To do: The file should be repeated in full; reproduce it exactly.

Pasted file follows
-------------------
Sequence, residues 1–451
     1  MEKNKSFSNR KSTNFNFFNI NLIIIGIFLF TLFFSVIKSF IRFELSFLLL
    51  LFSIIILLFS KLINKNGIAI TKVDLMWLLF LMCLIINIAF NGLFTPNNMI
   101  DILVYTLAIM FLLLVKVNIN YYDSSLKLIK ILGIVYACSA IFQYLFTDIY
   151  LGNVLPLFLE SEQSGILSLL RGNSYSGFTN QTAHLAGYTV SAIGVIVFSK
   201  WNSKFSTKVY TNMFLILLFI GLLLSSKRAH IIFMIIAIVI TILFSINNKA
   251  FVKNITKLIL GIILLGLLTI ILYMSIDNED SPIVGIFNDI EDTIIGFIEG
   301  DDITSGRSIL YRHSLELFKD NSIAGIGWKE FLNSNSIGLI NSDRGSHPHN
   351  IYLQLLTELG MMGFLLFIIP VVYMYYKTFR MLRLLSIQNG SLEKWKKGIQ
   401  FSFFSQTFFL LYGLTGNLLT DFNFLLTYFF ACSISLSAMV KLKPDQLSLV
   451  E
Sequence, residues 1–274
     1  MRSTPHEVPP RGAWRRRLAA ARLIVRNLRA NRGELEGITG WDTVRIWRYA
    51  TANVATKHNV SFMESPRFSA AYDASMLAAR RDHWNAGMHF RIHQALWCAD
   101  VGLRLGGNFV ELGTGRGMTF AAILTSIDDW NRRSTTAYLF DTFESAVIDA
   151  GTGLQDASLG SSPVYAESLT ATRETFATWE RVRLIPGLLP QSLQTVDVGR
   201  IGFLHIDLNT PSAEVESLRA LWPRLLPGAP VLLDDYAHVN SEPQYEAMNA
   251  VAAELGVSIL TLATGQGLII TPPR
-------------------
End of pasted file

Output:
Sequence, residues 1–451
     1  MEKNKSFSNR KSTNFNFFNI NLIIIGIFLF TLFFSVIKSF IRFELSFLLL
    51  LFSIIILLFS KLINKNGIAI TKVDLMWLLF LMCLIINIAF NGLFTPNNMI
   101  DILVYTLAIM FLLLVKVNIN YYDSSLKLIK ILGIVYACSA IFQYLFTDIY
   151  LGNVLPLFLE SEQSGILSLL RGNSYSGFTN QTAHLAGYTV SAIGVIVFSK
   201  WNSKFSTKVY TNMFLILLFI GLLLSSKRAH IIFMIIAIVI TILFSINNKA
   251  FVKNITKLIL GIILLGLLTI ILYMSIDNED SPIVGIFNDI EDTIIGFIEG
   301  DDITSGRSIL YRHSLELFKD NSIAGIGWKE FLNSNSIGLI NSDRGSHPHN
   351  IYLQLLTELG MMGFLLFIIP VVYMYYKTFR MLRLLSIQNG SLEKWKKGIQ
   401  FSFFSQTFFL LYGLTGNLLT DFNFLLTYFF ACSISLSAMV KLKPDQLSLV
   451  E
Sequence, residues 1–274
     1  MRSTPHEVPP RGAWRRRLAA ARLIVRNLRA NRGELEGITG WDTVRIWRYA
    51  TANVATKHNV SFMESPRFSA AYDASMLAAR RDHWNAGMHF RIHQALWCAD
   101  VGLRLGGNFV ELGTGRGMTF AAILTSIDDW NRRSTTAYLF DTFESAVIDA
   151  GTGLQDASLG SSPVYAESLT ATRETFATWE RVRLIPGLLP QSLQTVDVGR
   201  IGFLHIDLNT PSAEVESLRA LWPRLLPGAP VLLDDYAHVN SEPQYEAMNA
   251  VAAELGVSIL TLATGQGLII TPPR